"I've Got a Secret" debuted on the heels of the successful "What's My Line?" Though "Secret" had somewhat similar rules, there were other elements that gave the show its own distinctive flavor. As with "Line," four celebrity panelists try to guess an unknown-to-them secret, which the contestant (or sometimes group of contestants) whispered in the host's ear; the secret was always shown to the television and studio audience. Each panelist has one 30-second period to ask questions that will help them try to guess the secret; if a panelist fails to guess the secret before the buzzer sounds, the contestant(s) receive(s) $20 and the next panelist gets a turn. The process repeats until either the secret is guessed or if all four panelists are unable to guess the secret, meaning the contestant receives the maximum payout of $80 (during the early years, each panelist had two questioning periods, with $10 paid per unsuccessful try). Usually, a skit or demonstration of the secret followed each ... Written by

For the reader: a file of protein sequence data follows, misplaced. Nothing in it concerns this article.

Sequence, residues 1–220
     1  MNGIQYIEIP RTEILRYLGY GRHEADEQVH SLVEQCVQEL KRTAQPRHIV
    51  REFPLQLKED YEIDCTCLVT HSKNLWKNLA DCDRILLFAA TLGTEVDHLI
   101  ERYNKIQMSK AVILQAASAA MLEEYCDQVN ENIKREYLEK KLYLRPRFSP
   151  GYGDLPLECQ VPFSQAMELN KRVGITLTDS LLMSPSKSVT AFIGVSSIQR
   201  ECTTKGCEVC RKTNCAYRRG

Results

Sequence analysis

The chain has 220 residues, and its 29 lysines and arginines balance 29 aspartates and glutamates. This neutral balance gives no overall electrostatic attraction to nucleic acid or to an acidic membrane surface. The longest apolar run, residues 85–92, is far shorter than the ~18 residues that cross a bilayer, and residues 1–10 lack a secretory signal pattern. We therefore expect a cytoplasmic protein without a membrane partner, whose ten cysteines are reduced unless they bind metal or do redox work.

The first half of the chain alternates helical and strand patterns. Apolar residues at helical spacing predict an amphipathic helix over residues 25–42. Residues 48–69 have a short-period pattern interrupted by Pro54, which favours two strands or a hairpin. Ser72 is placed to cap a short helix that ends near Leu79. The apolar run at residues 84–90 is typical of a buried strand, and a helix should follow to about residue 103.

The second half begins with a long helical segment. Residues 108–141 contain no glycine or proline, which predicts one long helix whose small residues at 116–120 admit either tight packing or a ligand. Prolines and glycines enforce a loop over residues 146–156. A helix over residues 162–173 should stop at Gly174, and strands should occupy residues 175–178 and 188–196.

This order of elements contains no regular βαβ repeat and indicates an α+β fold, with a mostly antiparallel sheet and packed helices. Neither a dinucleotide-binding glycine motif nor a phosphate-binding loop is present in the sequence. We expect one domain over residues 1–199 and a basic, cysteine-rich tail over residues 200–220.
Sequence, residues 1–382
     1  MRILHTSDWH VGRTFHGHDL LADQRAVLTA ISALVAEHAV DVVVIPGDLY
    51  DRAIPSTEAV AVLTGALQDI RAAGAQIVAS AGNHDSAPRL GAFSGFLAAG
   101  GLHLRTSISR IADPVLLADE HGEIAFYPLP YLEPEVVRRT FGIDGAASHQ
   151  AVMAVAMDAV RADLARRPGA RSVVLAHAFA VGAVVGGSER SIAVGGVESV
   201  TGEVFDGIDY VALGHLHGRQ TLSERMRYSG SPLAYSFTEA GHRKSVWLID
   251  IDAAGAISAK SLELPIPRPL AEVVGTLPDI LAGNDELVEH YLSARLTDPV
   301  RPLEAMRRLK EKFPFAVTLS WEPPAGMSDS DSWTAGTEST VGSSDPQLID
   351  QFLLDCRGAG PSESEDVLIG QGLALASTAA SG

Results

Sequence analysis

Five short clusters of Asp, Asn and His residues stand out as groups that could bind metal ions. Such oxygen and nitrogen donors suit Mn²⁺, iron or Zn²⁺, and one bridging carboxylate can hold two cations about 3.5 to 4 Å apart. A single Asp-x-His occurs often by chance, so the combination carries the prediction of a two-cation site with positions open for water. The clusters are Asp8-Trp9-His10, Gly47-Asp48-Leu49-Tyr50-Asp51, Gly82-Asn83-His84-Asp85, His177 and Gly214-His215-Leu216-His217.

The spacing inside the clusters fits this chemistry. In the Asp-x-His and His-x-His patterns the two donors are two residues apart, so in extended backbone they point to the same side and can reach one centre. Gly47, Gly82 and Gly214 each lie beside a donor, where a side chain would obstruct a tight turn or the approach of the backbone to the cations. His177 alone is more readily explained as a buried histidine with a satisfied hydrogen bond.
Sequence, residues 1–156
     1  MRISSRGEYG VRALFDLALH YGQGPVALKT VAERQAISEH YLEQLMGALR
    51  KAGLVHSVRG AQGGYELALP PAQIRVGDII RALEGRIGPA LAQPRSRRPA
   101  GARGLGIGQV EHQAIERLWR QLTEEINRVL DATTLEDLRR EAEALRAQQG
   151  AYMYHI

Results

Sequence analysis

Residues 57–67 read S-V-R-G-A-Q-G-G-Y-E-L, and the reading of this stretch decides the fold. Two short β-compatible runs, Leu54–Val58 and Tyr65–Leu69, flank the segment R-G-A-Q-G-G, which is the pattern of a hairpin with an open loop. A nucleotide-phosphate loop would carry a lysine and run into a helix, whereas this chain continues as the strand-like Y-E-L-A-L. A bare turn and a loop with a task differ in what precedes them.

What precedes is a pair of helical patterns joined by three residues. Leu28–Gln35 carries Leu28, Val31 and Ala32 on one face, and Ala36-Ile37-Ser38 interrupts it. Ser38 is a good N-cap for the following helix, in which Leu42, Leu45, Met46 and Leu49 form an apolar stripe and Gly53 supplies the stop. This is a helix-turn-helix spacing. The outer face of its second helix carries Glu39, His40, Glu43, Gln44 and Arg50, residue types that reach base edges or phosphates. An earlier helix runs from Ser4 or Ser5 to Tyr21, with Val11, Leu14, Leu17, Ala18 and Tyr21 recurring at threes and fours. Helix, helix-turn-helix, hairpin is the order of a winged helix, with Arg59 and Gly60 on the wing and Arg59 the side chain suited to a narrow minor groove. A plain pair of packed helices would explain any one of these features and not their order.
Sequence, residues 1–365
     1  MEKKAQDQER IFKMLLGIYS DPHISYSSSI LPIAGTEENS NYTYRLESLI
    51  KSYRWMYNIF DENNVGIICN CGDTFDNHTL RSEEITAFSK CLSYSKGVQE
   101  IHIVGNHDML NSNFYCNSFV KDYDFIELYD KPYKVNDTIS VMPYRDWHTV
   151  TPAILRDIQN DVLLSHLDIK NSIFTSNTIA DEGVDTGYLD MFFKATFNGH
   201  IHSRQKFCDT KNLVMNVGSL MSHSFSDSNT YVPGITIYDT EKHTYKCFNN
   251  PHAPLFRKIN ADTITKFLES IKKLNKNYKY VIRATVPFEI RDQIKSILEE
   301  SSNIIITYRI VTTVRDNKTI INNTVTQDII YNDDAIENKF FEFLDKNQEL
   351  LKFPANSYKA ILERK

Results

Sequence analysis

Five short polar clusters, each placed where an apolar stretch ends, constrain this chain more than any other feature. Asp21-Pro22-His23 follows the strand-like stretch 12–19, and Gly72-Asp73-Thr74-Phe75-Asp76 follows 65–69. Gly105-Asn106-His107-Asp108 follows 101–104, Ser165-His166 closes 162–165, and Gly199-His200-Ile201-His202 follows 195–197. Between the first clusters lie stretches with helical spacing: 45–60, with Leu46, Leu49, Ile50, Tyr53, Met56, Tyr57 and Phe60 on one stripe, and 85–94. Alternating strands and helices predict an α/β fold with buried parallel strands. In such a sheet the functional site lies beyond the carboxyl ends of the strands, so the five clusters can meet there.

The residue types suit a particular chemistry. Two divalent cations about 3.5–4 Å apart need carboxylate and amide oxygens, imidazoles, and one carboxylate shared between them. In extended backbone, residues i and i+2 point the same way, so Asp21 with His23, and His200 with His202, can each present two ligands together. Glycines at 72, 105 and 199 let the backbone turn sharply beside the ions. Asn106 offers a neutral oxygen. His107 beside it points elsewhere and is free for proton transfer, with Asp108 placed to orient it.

Brian Rathjen <firstname.lastname@example.org>
Did You Know?
The telecast that aired live on February 9, 1956, with Lucille Ball
as a guest panelist, featured a 96-year-old contestant who was the last surviving witness to the assassination of Abraham Lincoln
. Garry Moore
introduced this senior citizen, Samuel Seymour, by saying he hailed from Maryland. When Seymour died two months later on the anniversary of the assassination, newspapers said he was a longtime resident of Arlington, Virginia. Whatever the truth of his residence, his secret was uncovered by Jayne Meadows
. After she uncovered it, Moore explained to her, the other panelists and viewers that when John Wilkes Booth jumped down from the presidential box at Fords Theatre immediately after shooting Lincoln, five-year-old Seymour witnessed only that jump without knowing that any shots had been fired. The audience's laughter in reaction to the play muffled the sound of the gunshots for many people. The child felt sorry for the man who obviously had injured himself jumping from the presidential box to the stage. Booth indeed injured his leg and sought medical treatment before his capture. See more
Referenced in It Happened to Jane
"I've Got A Secret"
Written and Performed by Norman Paris from 1962 to 1967 See more